• http://www.myspace.com/riroonmusic Riroon

    Friday, I cancelled my XM subscription.

    My FRED, LUCY, ETHEL, and X COUNTRY are gone, along with xl RAW. (Losing FRED was like losing a piece of my life, as it was pretty much a soundtrack to my High School/ college/ band days). The one station I was looking forward to from the merger, DISORDER, is dead.

    The replacement stations are laughable, and were truly decided by a board room of stockholders, not music lovers and customers.

    I finally purchased an audio wire to run my iPod to my car’s input jack. I’m sure iTunes won’t mind if I transfer the money I was spending on my XM subscription hits Steve Jobs’ pockets instead.

    Hope Howard Stern has fun with his stock options.

  • Beverly

    Playlist quality has gone in the crapper for XM subscribers. I heard Charley Pride on Outlaw Country. I like his music but his stuff belongs on was used to be XM 10 America. Cross Country, replaced by Outlaw Country was more hard edged, alternative country. This change has not been for the better as blander tunes, top 40ish songs, and music more suited for Channel 10 America are crowding out Cross Country type music.

    It is a total travesty that the disco station Chrome was eliminated. Disco is a separate genre and deserves its own channel. They left two electronic/club music channels and got rid of the one disco station. BPM and the other dance/electronica channel are similar enough that one of them should have gone and Chrome should have remained. If they can carry 3 or more hip hop channels, surely they have room for one disco station.

    Lucy, now Lithium has definitely not improved. More of today’s hits have replaced the late 80s/early 90s alternative music. I also miss the funny, sarcastic voiceovers that sometimes preceded the music on Lucy. Fred has also gone down quality wise. More top 40 and lesser quality stuff is being played on both of these channels as well as with what was formerly XM Cafe and the Loft.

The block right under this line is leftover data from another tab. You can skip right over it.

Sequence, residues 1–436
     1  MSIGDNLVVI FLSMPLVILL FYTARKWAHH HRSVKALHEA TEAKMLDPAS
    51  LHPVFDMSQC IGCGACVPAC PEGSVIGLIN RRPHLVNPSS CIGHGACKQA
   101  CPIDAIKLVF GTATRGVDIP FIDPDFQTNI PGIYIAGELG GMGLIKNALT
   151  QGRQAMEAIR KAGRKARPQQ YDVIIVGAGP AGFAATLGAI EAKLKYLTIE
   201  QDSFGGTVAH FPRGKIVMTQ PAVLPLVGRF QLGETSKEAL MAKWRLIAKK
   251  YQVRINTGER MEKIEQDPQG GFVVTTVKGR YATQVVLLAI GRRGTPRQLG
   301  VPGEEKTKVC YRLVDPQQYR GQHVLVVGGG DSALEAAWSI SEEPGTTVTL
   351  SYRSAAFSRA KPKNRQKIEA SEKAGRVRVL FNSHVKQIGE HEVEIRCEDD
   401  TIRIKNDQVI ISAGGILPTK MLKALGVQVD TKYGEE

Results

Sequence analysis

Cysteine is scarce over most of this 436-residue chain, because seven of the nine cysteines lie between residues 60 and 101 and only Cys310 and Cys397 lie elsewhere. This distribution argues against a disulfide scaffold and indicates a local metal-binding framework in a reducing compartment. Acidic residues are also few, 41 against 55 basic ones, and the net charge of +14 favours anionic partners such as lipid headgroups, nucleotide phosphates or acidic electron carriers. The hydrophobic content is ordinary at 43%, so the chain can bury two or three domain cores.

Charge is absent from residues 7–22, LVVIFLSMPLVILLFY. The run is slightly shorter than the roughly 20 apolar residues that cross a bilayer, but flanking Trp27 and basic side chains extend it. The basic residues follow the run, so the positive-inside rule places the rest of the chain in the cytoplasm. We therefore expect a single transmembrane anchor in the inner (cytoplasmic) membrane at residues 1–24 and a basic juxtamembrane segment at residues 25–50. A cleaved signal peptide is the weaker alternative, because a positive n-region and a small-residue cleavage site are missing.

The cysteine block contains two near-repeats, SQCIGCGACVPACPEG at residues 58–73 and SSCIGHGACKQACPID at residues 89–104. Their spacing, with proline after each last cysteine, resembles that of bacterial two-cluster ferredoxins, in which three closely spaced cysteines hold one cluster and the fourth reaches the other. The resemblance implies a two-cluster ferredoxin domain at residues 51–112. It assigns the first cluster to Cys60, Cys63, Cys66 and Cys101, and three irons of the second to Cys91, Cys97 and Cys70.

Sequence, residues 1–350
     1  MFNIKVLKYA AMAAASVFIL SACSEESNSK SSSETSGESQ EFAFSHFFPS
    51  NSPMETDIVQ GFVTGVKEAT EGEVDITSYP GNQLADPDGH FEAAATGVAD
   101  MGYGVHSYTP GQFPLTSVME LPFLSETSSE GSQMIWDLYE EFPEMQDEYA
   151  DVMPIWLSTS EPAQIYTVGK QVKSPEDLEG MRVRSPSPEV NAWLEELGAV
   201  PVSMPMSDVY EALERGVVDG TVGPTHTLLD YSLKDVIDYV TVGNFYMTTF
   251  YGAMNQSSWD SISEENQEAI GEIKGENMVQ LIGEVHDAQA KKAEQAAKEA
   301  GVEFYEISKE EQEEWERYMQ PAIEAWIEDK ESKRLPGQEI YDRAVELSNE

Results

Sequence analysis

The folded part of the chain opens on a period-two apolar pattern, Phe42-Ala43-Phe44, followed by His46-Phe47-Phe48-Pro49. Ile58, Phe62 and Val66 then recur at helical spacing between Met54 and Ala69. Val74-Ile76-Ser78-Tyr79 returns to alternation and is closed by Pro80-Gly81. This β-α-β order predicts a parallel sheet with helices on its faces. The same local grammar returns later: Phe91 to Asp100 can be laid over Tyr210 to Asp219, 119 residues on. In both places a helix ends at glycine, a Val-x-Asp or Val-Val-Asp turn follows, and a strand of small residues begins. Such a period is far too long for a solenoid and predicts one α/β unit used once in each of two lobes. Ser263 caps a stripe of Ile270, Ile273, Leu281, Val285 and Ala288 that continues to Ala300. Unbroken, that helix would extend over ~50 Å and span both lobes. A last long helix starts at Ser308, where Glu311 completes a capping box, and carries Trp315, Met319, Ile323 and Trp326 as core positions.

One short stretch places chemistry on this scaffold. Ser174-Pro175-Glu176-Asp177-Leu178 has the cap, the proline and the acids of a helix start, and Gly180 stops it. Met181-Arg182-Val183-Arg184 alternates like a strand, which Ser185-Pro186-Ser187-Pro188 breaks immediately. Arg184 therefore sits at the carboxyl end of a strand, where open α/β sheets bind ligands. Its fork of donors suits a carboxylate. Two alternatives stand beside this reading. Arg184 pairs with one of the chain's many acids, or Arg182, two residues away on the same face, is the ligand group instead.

Sirius must have been the bigger bully as its Channel names took over most of XM. Lucy, Fred, Ethel, XM Cafe, Cross Country were better names than those Sirius replaced them with.

    In addition, XM subscribers got stuck with Sirius’ DJs who love to yammer on and on. This includes the celebrity DJs, for example, Marty Stuart on Outlaw Country. They add nothing to the programming except mucking it up with their crap taste in music.

    Decisions for which channels stayed and the programming that each would carry must have been made by bean counters and executives who haven’t a clue about music.

    Mergers enrich those who merged and their shareholders but it impoverishes the consumer who pays higher prices, receives lower quality, and had no where else to go when there is no viable competition.

  • Carlton Ellis

    I subsribed to XM Satelite Radio through a family member and in the time XM Satelite was functioning as it own entity I was very happy with the programming. Since this merger I am totally dissappointed in the way Sirius, which in my opinion has inferior programming compared to XM Satelite, has handled programming changes. I won’t even get into the talk format which, again in my opinion Howard Stern was and is a waste on the air as well as pimping Sirius for everything Sirius owns, and if this throwing of cash money to trash radio is what Sirius is all about then maybe I should reconsider my subsription. You’ve taken away good programming as well as great DJ’s to promote thrash. Sirius management should be ashamed. I have e-mailed on several occassions for someone to respond to my e-mails and have gotten NO results. This tells me that Sirius does not care or will not admit to any responsblity to their misguided actions in destroying very good and far superior programming that XM Satelite broughtto the table.